The library is one of the things that I’ve missed most during California’s shelter-in-place. Our libraries have been closed since March. The San Francisco Public Library offers a number of wonderful things. There are a ton of great online resources during this time. However, I really love to read print books. I miss going to the library and picking up a big stack of them. I can’t wait until I can do that again.
Since our library’s workers have been moved over to other essential work during this time, I’m not sure when I’ll be able to. But when I do, there are some relatively new books about money that I’m looking forward to picking up. Here is what’s on my list:
Invisible Americans: The Tragic Cost of Child Poverty
I like to read a wide variety of books about money. Oftentimes I read self-help or how-to guides that assist me with personal finance. But I also enjoy reading memoirs, biographies, and non-fiction books about money that give me insight into economics at a grander level. I’m very intrigued by this book by Jeff Madrick. It explores how poverty, even when experienced relatively briefly, negatively impacts children.
It reminds me a bit of The Deepest Well in which Nadine Burke Harris explores the long-term impacts of childhood trauma. We need to remedy the financial problem of poverty for children if we want them to have better outcomes as adults. This is an important topic. So, while it may not be on a traditional list of books about money, it’s right at the top of my own list.
Rogue Money and the Underground Economy: An Encyclopedia of Alternative and Cryptocurrencies
This book by John C. Edmunds purports to give a strong overview of cryptocurrency from its history to its current role in the marketplace. This is a part of personal finance that I’m always seeking to understand better. Therefore, this is definitely one of the books about money that I’m eager to pick up when my library re-opens.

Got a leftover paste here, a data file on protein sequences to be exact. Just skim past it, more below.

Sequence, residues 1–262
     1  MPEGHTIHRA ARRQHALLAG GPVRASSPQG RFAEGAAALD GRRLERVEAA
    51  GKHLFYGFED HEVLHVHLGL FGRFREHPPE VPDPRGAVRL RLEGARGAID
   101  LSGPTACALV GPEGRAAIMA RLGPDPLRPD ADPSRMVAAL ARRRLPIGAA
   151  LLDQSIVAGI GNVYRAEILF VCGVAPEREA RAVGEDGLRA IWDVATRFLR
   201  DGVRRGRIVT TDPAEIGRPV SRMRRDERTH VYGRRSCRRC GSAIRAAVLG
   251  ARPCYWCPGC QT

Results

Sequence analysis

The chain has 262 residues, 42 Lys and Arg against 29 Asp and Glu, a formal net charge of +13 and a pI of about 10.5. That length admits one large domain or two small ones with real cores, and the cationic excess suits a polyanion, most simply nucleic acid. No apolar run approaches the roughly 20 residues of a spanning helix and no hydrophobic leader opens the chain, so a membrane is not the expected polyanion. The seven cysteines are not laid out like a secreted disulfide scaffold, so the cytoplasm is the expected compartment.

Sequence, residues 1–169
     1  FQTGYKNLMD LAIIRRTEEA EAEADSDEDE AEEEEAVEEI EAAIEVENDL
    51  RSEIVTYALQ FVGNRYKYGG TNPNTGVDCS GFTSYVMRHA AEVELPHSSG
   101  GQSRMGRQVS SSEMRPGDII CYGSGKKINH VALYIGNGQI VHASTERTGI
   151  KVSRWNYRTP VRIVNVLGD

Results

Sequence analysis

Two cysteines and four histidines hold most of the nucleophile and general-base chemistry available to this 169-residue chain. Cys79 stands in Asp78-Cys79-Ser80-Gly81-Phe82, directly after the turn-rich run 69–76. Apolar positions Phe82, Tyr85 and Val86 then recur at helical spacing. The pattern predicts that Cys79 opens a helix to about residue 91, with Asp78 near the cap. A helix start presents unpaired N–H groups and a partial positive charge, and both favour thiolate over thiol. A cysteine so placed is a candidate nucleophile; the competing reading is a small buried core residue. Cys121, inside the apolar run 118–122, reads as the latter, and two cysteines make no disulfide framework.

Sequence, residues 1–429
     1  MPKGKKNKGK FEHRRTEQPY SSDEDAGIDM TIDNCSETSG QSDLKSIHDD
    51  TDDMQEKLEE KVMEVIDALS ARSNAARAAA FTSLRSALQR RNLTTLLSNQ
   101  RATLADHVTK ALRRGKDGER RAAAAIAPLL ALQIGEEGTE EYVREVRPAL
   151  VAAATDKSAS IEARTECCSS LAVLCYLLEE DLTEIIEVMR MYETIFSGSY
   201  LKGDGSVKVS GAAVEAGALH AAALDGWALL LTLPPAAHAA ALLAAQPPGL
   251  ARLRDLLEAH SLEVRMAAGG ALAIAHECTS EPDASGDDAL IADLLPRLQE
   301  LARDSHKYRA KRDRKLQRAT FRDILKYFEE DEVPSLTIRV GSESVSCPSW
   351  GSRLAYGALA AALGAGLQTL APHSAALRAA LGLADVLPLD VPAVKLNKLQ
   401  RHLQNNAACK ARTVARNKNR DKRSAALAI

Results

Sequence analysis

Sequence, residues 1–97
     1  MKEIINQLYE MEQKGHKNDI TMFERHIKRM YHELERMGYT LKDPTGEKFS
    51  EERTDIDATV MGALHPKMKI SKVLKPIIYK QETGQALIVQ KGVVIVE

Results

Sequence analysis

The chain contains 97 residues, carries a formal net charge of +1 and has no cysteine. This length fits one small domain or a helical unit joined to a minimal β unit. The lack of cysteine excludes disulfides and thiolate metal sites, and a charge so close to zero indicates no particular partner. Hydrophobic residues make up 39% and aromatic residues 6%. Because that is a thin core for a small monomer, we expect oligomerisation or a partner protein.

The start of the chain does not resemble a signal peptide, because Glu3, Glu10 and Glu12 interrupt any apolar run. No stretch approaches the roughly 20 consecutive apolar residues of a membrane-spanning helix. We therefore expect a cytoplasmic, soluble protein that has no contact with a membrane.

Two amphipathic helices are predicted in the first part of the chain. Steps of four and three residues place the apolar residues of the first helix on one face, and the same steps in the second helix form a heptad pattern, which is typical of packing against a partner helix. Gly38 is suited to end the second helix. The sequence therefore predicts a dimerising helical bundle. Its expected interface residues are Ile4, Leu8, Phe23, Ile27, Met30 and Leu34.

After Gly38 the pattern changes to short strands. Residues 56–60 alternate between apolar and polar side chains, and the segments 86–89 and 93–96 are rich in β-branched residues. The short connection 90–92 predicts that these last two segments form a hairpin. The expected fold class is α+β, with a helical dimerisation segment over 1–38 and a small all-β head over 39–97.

More Money Now: Use your Existing Skills, Connections and Technology to Start Earning Cash Today
This book by Michael Zechmann was published in 2018. However, my own library only got its copy recently. Therefore, I’ve never had the chance to read it. I’m curious to see what it says about how students, retirees, and others can make some extra money right now. I’d love to compare how the advice in it relates to the current situation given that COVID-19 has changed the landscape in some ways. Plus, I always like books about money that give me ideas for making extra cash. I don’t always use the ideas but sometimes they get me thinking about earning money in new ways.
Wealth Unbroken: Growing Wealth Uninterrupted by Market Crashes, Taxes and Even Death
Similarly, Rebecca Walser’s book was published in 2018 but only came to my library recently. This one is about long-term investing. Again, since it was published before the pandemic, some advice in it may not apply. However, its subtitle suggests that it’s actually all about how to weather storms, even an unprecedented one such as this. So, I think that bodes well and makes it worth at least checking out.
Hustle and Gig: Struggling and Surviving in the Sharing Economy
I’m very fascinated in the pros and cons of the gig economy. I’ve worked in the gig economy myself for a long time in various ways. I’ve watched the landscape change significantly over the past decade. I’m curious to see what this book by Alexandrea Ravenelle has to say about it all.
What books about money do you most hope to read soon?